You can find The Global Gender Gap Report 2017 here:

Work and Life Balance

The women employment rate is directly related to the availability of childcare facilities. This statistical dependency of women’s employment and the availability of childcare facilities is linked to the stereotypical attachment of childcare to women’s social roles. In Lithuania, 34% women and only 19% men spend time on childcare every day (EWCS 2015; Reingard, 2017). Therefore, when it comes to the issue of childcare at home, women’s employment goes back to the second plan. This is well illustrated by the statistics on parental leave, in which women lead: 32.2 thousand. (78%) women and 8.9 thousand (22%) men in 2015 was on parental leave (Sodra, 2016). 13 % of women do not come back to their workplace after maternity leave and this number is even higher in the private sector – it reaches 21%. The main reasons for that indicated are – either women lose their position in their previous work after maternity leave or do not get a place for their children in the childcare facilities. These cultural and practical circumstances have a huge impact towards women employment and activities in labour market. Also, it lowers the possibilities for a better career.

To found out more about working conditions in Lithuania and in Europe press here:

In addition to childcare, women also have a large share of housekeeping. Childcare and housekeeping – are one of the main reasons why women often choose to work part-time.  Those women who want to remain in the labour market and combine work and family responsibilities also face barriers. In addition to the aforementioned career breaks, the lack of childcare institutions and housekeeping issues, another contributing reason is – unfavourable employer’s attitude towards women who raise children. Usually it is mainly seen in the lack of flexibility in working hours.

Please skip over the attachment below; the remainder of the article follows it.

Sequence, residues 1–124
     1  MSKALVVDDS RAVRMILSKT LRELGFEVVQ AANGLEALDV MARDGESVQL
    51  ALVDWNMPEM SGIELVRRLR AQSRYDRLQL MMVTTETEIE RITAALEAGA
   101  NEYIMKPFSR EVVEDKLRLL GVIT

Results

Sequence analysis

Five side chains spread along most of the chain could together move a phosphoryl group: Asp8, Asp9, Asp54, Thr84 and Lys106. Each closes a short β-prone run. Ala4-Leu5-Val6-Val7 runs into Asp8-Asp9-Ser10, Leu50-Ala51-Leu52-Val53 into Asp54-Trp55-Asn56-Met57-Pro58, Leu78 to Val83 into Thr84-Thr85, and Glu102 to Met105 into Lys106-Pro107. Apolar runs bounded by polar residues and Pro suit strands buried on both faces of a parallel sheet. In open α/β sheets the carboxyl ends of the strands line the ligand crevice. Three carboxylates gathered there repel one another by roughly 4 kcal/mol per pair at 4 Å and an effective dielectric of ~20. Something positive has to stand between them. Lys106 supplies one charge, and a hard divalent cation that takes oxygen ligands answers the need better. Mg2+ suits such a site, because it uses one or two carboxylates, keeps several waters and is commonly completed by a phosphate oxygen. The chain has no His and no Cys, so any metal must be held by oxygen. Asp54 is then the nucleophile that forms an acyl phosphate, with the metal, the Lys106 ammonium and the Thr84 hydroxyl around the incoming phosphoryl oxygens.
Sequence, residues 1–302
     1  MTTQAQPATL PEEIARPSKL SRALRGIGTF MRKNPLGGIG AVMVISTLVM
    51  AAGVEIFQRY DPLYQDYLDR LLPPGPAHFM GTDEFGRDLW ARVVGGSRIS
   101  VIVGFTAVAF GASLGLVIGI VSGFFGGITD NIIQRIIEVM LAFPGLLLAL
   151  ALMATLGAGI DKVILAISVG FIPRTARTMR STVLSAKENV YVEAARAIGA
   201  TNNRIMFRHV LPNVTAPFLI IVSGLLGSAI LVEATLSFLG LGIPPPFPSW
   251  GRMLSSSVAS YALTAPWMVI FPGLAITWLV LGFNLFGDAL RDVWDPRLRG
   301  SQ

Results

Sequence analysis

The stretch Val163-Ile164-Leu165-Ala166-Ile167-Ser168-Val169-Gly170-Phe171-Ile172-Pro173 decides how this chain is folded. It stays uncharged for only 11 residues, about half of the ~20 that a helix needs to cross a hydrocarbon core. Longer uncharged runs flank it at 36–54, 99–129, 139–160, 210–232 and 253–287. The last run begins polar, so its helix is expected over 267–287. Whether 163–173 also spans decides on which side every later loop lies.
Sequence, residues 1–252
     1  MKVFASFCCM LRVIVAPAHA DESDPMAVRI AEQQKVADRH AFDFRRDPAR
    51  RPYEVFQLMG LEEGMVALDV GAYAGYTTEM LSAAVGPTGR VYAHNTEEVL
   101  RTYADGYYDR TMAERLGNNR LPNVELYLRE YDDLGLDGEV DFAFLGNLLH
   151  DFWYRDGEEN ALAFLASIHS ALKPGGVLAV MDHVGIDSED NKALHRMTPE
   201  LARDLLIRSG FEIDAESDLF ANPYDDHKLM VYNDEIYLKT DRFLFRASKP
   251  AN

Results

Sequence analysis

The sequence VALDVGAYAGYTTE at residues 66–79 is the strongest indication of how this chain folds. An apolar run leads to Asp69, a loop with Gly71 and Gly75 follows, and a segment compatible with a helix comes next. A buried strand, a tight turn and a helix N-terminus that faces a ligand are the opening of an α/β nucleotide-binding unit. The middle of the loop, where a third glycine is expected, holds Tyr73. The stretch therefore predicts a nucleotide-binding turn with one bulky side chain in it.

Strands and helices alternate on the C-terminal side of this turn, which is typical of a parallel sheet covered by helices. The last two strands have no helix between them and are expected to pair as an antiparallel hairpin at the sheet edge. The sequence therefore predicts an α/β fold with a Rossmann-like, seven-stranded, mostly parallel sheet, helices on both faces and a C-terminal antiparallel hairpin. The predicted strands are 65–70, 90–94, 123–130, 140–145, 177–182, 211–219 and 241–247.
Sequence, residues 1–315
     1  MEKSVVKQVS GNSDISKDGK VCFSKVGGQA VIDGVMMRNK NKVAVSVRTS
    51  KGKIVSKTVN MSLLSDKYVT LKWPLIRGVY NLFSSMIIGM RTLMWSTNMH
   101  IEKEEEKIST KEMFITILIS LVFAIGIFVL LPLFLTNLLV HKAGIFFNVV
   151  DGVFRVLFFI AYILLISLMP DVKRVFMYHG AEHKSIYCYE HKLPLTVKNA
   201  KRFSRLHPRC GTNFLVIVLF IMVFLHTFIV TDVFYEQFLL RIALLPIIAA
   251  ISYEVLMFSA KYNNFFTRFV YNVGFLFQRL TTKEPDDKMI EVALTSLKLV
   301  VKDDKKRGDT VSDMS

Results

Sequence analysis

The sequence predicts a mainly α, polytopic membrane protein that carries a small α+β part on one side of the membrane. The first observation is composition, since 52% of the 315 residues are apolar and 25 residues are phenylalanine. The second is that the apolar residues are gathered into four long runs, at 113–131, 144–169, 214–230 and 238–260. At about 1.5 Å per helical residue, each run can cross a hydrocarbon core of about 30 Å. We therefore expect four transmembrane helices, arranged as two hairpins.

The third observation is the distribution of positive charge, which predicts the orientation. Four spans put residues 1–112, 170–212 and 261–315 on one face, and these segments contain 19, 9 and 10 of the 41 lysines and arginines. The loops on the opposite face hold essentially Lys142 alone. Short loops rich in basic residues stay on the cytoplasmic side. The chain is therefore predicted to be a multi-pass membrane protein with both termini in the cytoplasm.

You can find the report by International Labour Organisation “Towards a better future for women and work: Voices of women and men” here:—dgreports/—dcomm/—publ/documents/publication/wcms_546256.pdf

Violence against women

Violence against women is the most common violation of women’s human rights in Europe and Lithuania is not an exception.

“Lithuania should strengthen the protection of women and children against violence and build a more inclusive society for persons with disabilities”

Nils Muižnieks, Council of Europe Commissioner for Human Rights

Report on the visit to Lithuania:

“Violence against women is a grave crime that tramples human dignity, violates human rights and incites discrimination. It affects not only women, but entire families and all layers of society. Physical, psychological and emotional abuse destroys the quality of life and work. Medical, legal and social costs are the price of violence that all of us have to pay,”

The President of Lithuania, Dalia Grybauskaitė

Fighting violence against women is among the priorities of the national “For a Safe Lithuania” campaign launched by President Dalia Grybauskaitė.

Press here for more information:

Economic power of women

The economic power of women is measured by indicators that reveal how much economic decision-making and management power are concentrated in the hands of women. One such indicator is the number of women leaders. In 2016 women accounted for 39.4 percent all executives (legislators, senior public officials, companies, institutions, organizations and other executives). We can speak of a consistent equality trend in public sector (56% of female executives are present), this trend is not visible in the private sector: it only leads 34.5%. There has been no significant positive change in the leadership of women in this sector in recent years.

Read about business women association in Lithuania here:

Effort to measure women’s economic power indicators is often used to capture the number of women in the boards of companies. It reveals the extent to which women have power in economic decision-making. As a rule, the number of women and men in the largest public limited companies, which in 2016, is measured. At the end of the year, there were 21. The number of women in the boards remains very low – women are only 14%. of all board members, and this percentage remains similar for a long period of time. It is interesting to compare the number of women and men among the directors-general of these companies: 2012, 2013, and 2014. There was only 1 Director General in Lithuania in 2016. At the end of the year, there were 4 such women in the position (17 men).